He took a chair, sat right in front of me, and, looking straight into my eyes, he started to tell me a story that creeped me out.
It was about an old curse saying that the end of their community will arrive on a Thursday after the red moon, on the water. The end…it was me. This made me shiver, as grown-up as I was.
I turned back to Linda. I wanted to ask her if it’s true, but her eyes and her loud, heart-breaking cry that was filling up the place told me everything before I even asked. It was true.
The gypsy came straight to me, put in my hand a piece of chalked paper, a holey coin, and disappeared. Afterward, they’ve thrown me outside, lit their rush lights, and waited patiently to die.
Got to admit, I didn’t understand their attitude, not until this very day. I mean, let’s just be honest about it: you could just wait, so calmly, to…reset character? Cross the Jordan? Anyway…to die?!?
I would not be able to do it. So that I went as far from that place as I could until I found an abandoned fisherman’s house and I began to read the note. To decipher it. I regret doing so till this very day. The note told me how I was going to die: by the time when trees are rather naked, I will receive a bouquet of lilies. White. Perhaps 20, perhaps 40. No more, no less. They will be brought up to my door by some gorgeous-looking stranger, as everything involving risks and unknown fascinates me. The stranger will be accompanied by a cat, which will be not grey, nor black, but something in-between, some sort of hybrid. I was going to die young, the note was telling me. At 37, or maybe 50, it was up to me. If I was able to find the other inscription of the coin, I would’ve been free to choose- 37 or 50, all up to me. It made me, once again, shiver. How much of a sadist you have to be, to give to an individual a detailed description of the way she’s going to die and then…to tell her that the age when she will kick the calendar can be her choice? How much of a cynic must one be?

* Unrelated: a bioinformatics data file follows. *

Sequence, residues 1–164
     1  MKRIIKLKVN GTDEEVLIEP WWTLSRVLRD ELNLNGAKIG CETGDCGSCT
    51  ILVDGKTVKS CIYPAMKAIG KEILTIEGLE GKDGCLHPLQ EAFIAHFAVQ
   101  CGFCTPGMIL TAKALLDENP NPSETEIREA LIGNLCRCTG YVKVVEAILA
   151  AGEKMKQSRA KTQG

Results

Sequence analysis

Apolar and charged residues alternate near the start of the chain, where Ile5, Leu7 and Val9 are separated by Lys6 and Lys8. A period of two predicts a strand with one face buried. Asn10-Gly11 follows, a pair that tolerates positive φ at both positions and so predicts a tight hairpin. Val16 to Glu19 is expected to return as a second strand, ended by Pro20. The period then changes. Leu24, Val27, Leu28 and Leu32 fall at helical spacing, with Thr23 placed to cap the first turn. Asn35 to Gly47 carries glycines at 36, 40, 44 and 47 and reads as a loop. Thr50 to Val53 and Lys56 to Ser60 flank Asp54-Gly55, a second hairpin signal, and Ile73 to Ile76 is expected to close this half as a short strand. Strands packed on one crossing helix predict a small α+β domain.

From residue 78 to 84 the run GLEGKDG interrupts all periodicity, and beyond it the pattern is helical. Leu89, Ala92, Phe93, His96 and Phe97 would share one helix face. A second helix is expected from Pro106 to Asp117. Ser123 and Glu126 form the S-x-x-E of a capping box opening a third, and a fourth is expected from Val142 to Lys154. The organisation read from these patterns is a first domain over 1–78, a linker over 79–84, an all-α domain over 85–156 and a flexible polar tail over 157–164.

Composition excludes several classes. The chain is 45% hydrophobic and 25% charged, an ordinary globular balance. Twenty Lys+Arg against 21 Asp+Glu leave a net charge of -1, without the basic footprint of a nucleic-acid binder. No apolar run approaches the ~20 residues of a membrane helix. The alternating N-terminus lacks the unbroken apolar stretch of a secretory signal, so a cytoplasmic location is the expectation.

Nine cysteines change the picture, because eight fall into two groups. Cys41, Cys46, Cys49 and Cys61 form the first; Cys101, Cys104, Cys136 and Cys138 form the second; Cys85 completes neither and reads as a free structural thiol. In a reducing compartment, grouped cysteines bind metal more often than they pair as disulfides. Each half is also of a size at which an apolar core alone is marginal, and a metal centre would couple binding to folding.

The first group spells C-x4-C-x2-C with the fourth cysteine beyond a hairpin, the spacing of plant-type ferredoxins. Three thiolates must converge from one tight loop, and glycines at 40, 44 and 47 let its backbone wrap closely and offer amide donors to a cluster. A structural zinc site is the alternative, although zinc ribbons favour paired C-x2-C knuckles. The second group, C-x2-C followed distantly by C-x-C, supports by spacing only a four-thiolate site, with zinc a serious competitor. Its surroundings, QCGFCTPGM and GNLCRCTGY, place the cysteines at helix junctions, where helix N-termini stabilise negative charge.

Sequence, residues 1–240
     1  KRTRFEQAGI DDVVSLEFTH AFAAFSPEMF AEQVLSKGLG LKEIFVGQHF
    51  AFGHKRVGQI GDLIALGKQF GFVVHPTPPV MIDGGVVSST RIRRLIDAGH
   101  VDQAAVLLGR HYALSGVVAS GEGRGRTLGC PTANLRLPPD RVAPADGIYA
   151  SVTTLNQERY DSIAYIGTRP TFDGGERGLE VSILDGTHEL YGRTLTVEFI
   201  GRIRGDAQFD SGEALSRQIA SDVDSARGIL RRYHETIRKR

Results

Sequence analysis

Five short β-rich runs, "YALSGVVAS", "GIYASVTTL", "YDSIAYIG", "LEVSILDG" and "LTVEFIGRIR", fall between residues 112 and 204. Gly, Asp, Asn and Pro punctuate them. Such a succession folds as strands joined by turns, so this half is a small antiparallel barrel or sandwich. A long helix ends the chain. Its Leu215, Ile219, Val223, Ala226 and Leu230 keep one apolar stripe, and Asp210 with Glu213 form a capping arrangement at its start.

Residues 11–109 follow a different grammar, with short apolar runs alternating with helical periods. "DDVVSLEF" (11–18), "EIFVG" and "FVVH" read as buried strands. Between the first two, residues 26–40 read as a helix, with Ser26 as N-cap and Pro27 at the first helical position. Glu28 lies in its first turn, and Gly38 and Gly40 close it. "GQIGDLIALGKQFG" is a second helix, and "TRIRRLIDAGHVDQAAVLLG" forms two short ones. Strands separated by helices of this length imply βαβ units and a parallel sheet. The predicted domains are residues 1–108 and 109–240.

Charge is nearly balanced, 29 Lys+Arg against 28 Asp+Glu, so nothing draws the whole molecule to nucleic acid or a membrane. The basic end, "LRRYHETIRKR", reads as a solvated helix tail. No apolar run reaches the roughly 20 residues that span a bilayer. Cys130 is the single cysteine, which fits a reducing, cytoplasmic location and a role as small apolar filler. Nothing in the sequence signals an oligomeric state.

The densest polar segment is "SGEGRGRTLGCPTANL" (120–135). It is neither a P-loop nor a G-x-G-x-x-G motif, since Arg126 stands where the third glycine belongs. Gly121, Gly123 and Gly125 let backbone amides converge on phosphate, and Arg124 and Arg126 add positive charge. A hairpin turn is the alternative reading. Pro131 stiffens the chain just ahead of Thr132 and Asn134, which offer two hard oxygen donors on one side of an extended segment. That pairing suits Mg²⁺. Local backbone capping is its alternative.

Regardless of my endless questions, I kept on reading, my pupils were getting smaller, as I was getting through it. I’ve always discovered that wherever I’d go, I will always be returning to the place I hate the most. Quite illogical, I thought, why on earth would I come back home? Exactly. Not a single reason to do so.
But here’s the catch…it didn’t happen exactly how I thought at that moment it would. Now I’m always returning here, to the cesspool giving birth to all sorts of rascals. Eh. I was young, back then. Now I feel like I should show you something. Something that will be known by no one else after my passing, by no one else after your passing. It says like this: